Empress Frederick

Empress Frederick Biography.com

Queen, Emperor(1840–1901)
Empress Frederick was the oldest child of Queen Victoria and Prince Albert of England. She married the future German emperor, Frederick III, in 1858, thus becoming empress of Germany and queen of Prussia.

Synopsis

Born Victoria Adelaide Mary Louise in London, England, in 1840, Empress Frederick was the oldest child of England's Queen Victoria and Prince Albert. She was heiress to the throne, in line to succeed her mother as queen of the United Kingdom, until her younger brother, the future King Edward VII, was born in 1841. She married Prince Frederick William of Prussia (German Emperor Frederick III) in 1858, at age 17, thus becoming empress of Germany and queen of Prussia. She and Frederick had eight children together: Wilhelm II, Charlotte, Henry, Sigismund, Victoria, Waldemar, Sophie and Margaret. Empress Frederick died on August 5, 1901, in Schloss Friedrichshof, Kronberg, Germany.

Early Life

Empress Frederick was born Her Royal Highness Princess Victoria Adelaide Mary Louisa on November 21, 1840, at Buckingham Palace in London, England. Victoria was the eldest daughter of Queen Victoria of Great Britain and Prince Albert of Saxe-Coburg-Gotha. The Archbishop of Canterbury baptized her in the throne room on February 10, 1841.

Victoria grew up well-educated and was well versed in several languages. At a young age, as was the custom, Victoria was groomed for marriage, and she met her future husband, Crown Prince Frederick of Prussia, in 1851. Prussia was an old ally of Great Britain, so the match was politically expedient, and the pair turned out to be a good match. The prince, 10 years Victoria's elder, proposed in 1855, and the couple was married in 1857 in St. James Palace. The wedding furrowed brows across Prussia, as royals there had hoped to host the wedding. The couple did, however, soon move to Prussia.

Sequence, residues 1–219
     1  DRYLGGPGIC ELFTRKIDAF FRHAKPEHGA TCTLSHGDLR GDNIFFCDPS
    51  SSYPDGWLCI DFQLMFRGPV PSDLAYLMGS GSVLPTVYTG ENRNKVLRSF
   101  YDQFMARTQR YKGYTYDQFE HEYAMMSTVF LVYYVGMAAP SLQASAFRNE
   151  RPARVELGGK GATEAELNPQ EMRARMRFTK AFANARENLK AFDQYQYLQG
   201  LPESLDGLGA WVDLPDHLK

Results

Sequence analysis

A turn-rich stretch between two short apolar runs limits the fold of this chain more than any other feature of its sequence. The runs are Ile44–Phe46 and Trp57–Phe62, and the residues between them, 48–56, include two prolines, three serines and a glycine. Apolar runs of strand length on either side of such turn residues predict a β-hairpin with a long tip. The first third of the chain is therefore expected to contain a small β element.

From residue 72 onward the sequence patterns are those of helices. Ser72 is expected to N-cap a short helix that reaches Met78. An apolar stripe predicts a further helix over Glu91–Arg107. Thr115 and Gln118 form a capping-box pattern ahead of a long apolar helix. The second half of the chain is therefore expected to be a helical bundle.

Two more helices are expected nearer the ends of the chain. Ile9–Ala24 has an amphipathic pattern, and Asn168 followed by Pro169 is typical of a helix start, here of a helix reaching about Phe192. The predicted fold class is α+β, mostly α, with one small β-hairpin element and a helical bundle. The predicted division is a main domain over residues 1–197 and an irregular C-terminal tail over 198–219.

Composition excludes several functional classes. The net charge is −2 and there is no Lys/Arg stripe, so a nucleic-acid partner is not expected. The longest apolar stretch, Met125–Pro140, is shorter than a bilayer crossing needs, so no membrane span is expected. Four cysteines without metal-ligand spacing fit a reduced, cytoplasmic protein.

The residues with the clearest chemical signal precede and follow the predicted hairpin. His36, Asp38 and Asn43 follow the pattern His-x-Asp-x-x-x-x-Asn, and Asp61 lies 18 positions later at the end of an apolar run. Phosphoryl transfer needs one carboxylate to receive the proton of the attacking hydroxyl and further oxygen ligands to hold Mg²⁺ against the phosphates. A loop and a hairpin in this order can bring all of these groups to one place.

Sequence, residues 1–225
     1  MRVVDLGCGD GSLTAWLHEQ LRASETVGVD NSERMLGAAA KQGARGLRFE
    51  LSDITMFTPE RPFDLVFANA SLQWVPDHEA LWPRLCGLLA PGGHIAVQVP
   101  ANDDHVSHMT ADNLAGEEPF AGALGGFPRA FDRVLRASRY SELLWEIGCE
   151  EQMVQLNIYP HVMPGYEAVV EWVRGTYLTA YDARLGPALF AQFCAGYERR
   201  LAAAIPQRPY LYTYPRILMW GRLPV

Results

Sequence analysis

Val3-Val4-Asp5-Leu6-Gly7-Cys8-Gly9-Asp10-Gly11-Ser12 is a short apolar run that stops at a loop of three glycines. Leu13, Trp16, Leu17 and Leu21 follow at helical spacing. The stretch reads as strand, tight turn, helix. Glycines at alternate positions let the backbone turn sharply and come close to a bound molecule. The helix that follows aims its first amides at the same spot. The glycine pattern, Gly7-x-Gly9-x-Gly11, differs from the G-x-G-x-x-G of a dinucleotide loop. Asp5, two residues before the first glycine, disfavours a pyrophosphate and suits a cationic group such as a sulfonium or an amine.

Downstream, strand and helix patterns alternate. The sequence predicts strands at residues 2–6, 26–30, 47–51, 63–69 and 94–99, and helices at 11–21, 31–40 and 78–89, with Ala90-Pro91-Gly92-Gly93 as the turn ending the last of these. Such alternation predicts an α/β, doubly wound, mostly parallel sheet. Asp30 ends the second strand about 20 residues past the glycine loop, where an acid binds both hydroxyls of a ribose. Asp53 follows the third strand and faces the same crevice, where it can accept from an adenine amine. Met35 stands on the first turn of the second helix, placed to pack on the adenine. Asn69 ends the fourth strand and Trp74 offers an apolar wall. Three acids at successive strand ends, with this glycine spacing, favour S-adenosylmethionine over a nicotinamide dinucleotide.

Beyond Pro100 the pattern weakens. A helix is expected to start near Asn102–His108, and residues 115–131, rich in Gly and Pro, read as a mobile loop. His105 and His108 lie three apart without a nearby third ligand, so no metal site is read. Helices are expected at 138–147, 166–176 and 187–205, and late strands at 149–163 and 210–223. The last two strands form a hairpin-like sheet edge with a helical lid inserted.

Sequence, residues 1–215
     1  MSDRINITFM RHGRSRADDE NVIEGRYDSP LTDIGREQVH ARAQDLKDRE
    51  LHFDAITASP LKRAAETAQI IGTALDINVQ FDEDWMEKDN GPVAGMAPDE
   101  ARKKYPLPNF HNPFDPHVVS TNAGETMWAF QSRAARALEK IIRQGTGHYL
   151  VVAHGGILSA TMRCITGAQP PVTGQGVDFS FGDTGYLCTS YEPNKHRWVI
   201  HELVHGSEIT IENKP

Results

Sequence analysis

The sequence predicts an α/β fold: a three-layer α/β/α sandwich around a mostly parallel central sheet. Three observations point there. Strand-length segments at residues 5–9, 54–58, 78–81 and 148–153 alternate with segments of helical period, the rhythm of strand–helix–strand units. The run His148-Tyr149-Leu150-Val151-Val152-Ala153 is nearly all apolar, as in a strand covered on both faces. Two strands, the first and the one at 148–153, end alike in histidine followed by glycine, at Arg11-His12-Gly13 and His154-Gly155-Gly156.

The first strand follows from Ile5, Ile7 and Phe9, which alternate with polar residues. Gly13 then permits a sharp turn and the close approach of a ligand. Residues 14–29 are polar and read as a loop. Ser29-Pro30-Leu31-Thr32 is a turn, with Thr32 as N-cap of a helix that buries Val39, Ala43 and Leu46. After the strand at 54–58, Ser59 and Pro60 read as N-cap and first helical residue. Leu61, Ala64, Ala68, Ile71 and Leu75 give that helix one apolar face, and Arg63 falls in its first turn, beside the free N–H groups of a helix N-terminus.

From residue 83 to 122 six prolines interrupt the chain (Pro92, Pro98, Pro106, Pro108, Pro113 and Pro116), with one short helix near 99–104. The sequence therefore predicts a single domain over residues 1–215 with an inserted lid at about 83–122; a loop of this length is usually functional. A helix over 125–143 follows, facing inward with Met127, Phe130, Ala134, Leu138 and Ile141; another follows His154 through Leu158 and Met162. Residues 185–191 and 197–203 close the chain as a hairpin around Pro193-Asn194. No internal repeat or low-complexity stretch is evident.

The Empress

Victoria often complained that Prussia's standards of living were not up to those found in Great Britain (starting with the royal accommodations and continuing on to the architecture of the buildings). But Frederick and Victoria loved each very much, and he treated her as an equal in the House of Hohenzollern.

Two years after their wedding, in 1859, Victoria gave birth to their first child, Prince Wilhelm. However, the birth was problematic and the child would develop a physical disability. Despite this misfortune, Victoria would go on to have seven more children, although one would die before reaching its first birthday and another at age 11.

In 1861, King Friedrich Wilhelm IV died, and his brother succeeded him as King Wilhelm, which made Frederick and Victoria the crown prince and princess of Prussia. From this position, Victoria began putting forth ideas for the transformation of Prussia into a more open, liberal society (modeled on Great Britain), which often put her at odds with Chancellor Otto von Bismarck, who was a rising figure at the time.

Another push Victoria led was for Prussia to assume a leadership role in the unification of the German states. While unification did occur, in 1871, it happened under von Bismarck's guidance and not Victoria’s, perhaps fueling animosity between the two that lasted for years.

Later Years

In 1888, Kaiser Wilhelm I died and Frederick took the throne. Frederick had throat cancer, however, and he only lived a few months more. With his death—at age 56—went any hope that Victoria had of changing the nature of her adopted country, and she was no longer a figure to contend with in Prussian politics.

Frederick and Victoria's eldest son soon took the throne as Kaiser Wilhelm II, and his strong-arm tactics in taking control would enrage Empress Frederick—as she became known post-unification—and caused a permanent rift between them. She focused her energies on keeping the memory of her late husband alive and strengthening ties with her British relatives.

In 1899, Victoria was diagnosed with breast cancer and died on August 5, 1901.

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